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Cuts at Phoenix Media

As the Phoenix’s media writer, I spend a lot of time writing about the struggles of other news outlets--in particular, the woes of the Boston Globe, whose very existence is currently in question. And I’m periodically asked by other journalists: “So, how are things at the Phoenix?” My response tends to be vague, and to reflect my (intentional) lack of knowledge about my employer’s finances: Like every other print publication, I think we’re hurting a bit--but so far we haven’t had any layoffs, knock on wood. Or words to that effect.

It’s time to update that answer. A few minutes ago, Stephen Mindich, the Phoenix Media/Communication Group’s publisher/CEO/chairman, announced an array of cuts at the Phoenix and elsewhere in the company in an email to employees. Our 401K matches, which just began a few months ago, are being suspended. Six people are being laid off, two in editorial. (I’d include their names, but don’t want their family and friends to learn the news from me.) And every employee is going to have his/her salary cut, with the highest-paid giving up considerably more than the lowest. (The range is 10 percent to 2 percent, with some top brass giving up a bigger amount; see the memo below.)

Obviously, I’m worried about how the loss of income will affect me and my family. But I’m also relieved--and grateful--to still have a job, and a very good one, at a moment when so many journalists are losing theirs. And I take genuine pride in the fact that the PMC/G’s best-paid employees are sacrificing more of their salaries, proportionally speaking, than their more modestly compensated colleagues. That’s the kind of company you want to work for.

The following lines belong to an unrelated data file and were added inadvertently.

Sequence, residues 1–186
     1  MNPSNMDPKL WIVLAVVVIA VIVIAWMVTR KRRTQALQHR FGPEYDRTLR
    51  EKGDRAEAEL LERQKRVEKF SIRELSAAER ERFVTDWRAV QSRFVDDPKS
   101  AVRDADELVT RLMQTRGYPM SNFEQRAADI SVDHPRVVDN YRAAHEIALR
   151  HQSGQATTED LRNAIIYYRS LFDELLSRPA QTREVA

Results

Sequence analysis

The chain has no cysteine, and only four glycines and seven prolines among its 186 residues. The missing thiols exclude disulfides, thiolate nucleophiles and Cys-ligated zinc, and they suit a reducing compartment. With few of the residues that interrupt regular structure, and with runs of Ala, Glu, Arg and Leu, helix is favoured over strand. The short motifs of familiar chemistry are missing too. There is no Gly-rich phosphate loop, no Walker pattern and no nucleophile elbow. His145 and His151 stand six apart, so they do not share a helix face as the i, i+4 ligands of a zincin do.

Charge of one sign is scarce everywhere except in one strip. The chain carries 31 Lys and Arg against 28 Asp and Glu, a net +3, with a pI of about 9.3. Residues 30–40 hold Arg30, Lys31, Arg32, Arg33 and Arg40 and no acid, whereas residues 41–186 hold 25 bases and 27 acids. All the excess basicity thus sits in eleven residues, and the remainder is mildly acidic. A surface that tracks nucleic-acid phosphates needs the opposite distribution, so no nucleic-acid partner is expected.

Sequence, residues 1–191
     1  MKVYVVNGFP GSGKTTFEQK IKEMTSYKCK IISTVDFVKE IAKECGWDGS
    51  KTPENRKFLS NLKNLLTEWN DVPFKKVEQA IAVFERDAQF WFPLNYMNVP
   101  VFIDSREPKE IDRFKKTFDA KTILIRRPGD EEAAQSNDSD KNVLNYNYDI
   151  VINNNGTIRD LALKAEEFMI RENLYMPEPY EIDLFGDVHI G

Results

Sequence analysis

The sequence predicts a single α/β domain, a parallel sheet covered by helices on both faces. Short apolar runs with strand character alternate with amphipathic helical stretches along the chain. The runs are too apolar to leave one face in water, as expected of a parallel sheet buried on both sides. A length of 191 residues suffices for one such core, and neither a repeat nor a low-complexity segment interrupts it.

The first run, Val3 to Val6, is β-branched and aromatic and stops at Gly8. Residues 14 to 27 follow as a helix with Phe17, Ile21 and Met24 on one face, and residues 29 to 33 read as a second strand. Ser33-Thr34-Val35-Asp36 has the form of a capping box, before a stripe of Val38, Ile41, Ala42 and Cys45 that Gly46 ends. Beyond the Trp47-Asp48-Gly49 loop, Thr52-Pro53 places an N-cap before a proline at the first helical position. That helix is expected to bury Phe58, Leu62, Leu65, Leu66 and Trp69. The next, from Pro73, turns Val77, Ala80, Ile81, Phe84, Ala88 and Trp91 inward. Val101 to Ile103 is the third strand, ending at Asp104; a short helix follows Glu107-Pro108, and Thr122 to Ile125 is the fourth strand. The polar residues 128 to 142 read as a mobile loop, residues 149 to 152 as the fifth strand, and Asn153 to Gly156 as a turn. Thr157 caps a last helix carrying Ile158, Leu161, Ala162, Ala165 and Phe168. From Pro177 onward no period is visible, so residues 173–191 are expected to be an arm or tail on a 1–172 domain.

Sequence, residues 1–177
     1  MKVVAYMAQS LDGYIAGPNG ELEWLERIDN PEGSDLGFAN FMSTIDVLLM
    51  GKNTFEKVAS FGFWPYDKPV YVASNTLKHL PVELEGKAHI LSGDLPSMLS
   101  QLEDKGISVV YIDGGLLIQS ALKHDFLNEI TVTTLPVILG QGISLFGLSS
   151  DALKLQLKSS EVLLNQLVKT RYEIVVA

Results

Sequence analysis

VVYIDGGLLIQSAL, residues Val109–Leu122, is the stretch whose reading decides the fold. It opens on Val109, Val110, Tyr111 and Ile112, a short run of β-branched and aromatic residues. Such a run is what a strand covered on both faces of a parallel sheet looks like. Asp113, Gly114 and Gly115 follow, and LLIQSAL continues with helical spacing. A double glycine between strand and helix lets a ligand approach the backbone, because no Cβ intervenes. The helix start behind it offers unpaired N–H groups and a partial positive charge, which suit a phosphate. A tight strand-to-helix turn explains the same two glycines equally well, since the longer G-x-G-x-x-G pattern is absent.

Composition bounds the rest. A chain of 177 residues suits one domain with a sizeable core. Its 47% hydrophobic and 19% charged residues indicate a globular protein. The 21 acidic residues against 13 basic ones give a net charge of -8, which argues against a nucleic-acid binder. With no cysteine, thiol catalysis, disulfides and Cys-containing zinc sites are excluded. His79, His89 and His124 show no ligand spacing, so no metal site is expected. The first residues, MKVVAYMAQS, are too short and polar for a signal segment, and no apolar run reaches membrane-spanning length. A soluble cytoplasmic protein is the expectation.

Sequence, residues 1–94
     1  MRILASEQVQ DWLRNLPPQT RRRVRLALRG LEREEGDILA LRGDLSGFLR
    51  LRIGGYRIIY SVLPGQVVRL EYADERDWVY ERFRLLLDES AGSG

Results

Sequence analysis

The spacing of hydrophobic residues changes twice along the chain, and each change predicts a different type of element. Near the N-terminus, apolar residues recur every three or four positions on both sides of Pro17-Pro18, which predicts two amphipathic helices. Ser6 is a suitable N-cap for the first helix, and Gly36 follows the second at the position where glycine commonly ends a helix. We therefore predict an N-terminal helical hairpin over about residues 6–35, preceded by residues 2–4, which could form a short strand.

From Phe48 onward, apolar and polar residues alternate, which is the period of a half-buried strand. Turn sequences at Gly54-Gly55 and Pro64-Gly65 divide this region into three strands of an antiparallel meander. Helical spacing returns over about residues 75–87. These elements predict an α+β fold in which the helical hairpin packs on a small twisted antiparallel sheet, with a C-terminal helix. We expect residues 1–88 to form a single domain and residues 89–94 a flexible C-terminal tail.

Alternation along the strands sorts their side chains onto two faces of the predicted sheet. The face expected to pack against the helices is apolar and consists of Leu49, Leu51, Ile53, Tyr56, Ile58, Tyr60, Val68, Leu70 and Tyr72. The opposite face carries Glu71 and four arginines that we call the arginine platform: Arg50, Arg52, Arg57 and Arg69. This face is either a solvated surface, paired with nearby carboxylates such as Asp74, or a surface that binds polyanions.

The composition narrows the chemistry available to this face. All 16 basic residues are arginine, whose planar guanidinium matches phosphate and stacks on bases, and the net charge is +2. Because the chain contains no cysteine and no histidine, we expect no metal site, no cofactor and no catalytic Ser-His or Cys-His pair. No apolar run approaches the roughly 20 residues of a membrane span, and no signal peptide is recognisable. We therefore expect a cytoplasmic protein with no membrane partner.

Finally--strange as this may sound--I think experiencing this unpleasantness firsthand might make my do my job a bit differently. Until now, I’ve been insulated from the unpleasant realities I write about pretty much every day.  Now, unfortunately, I’ll have a different perspective--more immediate, more visceral--when I write about layoffs, or salary cuts, or the bigger economic developments that make these things necessary. In all honestly, that’s empathy I’d rather not have. But if it makes me proceed a bit more cautiously, or leavens my harsher judgments ever so slightly, that might won’t be a bad thing.

Here’s Mindich’s memo:


This is an extremely difficult letter for me to write to all of you. But I must tell you that the economic climate in which we’re operating has finally caught up with us. Our ability to outmaneuver adversity has been strained as it’s never been strained before and in order to run our company effectively and guarantee our collective future, we must take action today.